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Bebop Spoken There

Charlie Musselwhite: "I used to see these posters in the windows of the [Chicago] blues clubs advertising Elmore James and Muddy Waters which knocked me out. I was making a note of the addresses and at night I'd go back and listen to the blues until 4-5 in the morning." - (Blues Matters! Aug/Sep 2021)

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Hudson Music: Lance's "Bebop Spoken Here" is one of the heaviest and most influential jazz blogs in the UK.

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The Strictly Smokin' Big Band included Be Bop Spoken Here (sic) in their 5 Favourite Jazz Blogs.

Postage

13,530 (and counting) posts since we started blogging 13 years ago. 948 of them this year alone and, so far, 112 this month (July 31).

Friday, November 30, 2012

CD Review: Dice Factory.

Tom Challenger (ten); George Fogel (pno); Tom Farmer (bs); Jon Scott (dms).
(Review by Lance)
The name, Dice Factory, was chosen as a result of a fascination with author Luke Reinhardt's cult classic novel The Dice Man where decisions made by dice rolling determine structural events which are then lived through for periods of time.
Indeed there are moments when the music on this CD seems to have been determined by the rolling of musical dice whereby each player throws a different number. These periods of chaotic madness are, nevertheless, not without a perverse appeal and usually interspersed with spells of rare beauty where themes are explored and delivered with tenderness - maybe they threw a simultaneous 7 or 11 on these occasions.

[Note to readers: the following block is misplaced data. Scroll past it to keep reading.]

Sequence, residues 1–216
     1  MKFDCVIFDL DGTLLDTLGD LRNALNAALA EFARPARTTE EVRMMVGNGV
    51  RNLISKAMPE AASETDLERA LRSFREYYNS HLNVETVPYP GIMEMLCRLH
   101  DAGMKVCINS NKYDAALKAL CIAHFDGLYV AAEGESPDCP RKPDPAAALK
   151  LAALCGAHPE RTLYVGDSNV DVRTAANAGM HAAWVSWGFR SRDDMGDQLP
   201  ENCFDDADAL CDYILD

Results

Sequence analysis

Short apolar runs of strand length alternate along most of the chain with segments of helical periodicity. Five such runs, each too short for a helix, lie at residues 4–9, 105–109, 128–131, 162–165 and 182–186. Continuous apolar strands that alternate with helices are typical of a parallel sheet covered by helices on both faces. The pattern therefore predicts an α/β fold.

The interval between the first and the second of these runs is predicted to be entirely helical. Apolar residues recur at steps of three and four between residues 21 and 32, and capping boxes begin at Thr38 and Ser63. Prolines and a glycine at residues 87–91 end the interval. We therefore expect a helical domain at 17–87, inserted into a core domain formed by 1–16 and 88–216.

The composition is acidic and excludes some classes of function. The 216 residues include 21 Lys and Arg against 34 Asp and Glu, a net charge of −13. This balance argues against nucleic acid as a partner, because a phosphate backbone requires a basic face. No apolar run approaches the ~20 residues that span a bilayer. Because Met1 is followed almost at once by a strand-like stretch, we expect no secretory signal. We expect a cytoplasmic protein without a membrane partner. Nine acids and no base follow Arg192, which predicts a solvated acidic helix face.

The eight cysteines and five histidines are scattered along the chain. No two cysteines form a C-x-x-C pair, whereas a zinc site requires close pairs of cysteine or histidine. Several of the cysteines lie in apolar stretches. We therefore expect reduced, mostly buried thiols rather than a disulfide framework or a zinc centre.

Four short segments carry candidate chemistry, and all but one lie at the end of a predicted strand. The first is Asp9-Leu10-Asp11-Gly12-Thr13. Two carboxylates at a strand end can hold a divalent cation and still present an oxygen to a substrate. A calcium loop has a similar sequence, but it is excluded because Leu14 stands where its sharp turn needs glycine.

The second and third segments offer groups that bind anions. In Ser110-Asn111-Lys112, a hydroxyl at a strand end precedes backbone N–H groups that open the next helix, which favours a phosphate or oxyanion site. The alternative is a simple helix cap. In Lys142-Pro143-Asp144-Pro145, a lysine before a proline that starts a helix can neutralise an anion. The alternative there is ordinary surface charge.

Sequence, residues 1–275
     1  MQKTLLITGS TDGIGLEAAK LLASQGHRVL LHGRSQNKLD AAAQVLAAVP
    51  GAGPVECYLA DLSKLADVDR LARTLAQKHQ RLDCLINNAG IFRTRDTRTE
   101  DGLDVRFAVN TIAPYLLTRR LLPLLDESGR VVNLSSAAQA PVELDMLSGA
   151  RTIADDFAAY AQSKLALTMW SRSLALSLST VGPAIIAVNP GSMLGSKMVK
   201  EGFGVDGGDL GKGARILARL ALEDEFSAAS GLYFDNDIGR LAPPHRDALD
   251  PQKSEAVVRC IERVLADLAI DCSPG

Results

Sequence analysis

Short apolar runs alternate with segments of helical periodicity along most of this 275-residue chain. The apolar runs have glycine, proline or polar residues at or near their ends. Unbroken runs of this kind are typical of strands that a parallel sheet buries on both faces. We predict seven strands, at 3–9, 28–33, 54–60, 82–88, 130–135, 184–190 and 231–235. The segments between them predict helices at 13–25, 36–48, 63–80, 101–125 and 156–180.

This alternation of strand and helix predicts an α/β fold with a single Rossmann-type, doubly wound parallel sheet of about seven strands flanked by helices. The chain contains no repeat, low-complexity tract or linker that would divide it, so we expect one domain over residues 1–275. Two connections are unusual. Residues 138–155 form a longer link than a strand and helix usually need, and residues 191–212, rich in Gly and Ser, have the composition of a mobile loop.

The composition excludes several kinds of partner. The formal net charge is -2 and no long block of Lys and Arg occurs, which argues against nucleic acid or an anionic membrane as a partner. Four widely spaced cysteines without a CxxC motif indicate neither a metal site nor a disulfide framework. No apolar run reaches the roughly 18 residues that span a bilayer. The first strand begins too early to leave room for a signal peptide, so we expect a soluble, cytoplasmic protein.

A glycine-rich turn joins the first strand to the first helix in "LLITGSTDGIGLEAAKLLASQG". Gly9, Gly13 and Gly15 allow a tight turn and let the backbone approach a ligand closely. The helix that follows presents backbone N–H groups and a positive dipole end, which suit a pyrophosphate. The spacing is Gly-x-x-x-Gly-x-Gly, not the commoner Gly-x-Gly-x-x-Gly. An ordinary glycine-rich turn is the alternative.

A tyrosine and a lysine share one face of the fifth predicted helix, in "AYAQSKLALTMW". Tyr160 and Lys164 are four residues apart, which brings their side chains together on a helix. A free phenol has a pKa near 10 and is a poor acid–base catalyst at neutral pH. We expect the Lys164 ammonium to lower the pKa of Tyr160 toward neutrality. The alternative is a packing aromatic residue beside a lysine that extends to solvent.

Pianist Fogel has discovered some chords that Monk and Cecil Taylor missed as well as some they didn't.
Challenger's tenor on the appropriately titled You're Lucky is well within the bounds of jazz respectability with pianist and tenor integrating effectively. Challenger, I guess, achieves that much sort after goal of combining lyricism with aggression without offending the sensitive ear.
It may lean towards The Outside  but the overall feel is of Structured Anarchy - let's protest but don't smash any windows.
Pipes is almost a lullaby that gradually develops into a beautiful pastoral dream. Jon Scott propels T.N.G  with his powerful drumming before a compelling theme evolves and Fogel builds it with a repetitive rhythm behind Challenger's long drawn out notes. There is going to be an explosion but no, it gently disappears.
It took me a few listens to get into this disc and whilst it is outside my general comfort zone I found it ok.
As regards the musicianship - The Dice Factory are no crap shooters!
Lance.

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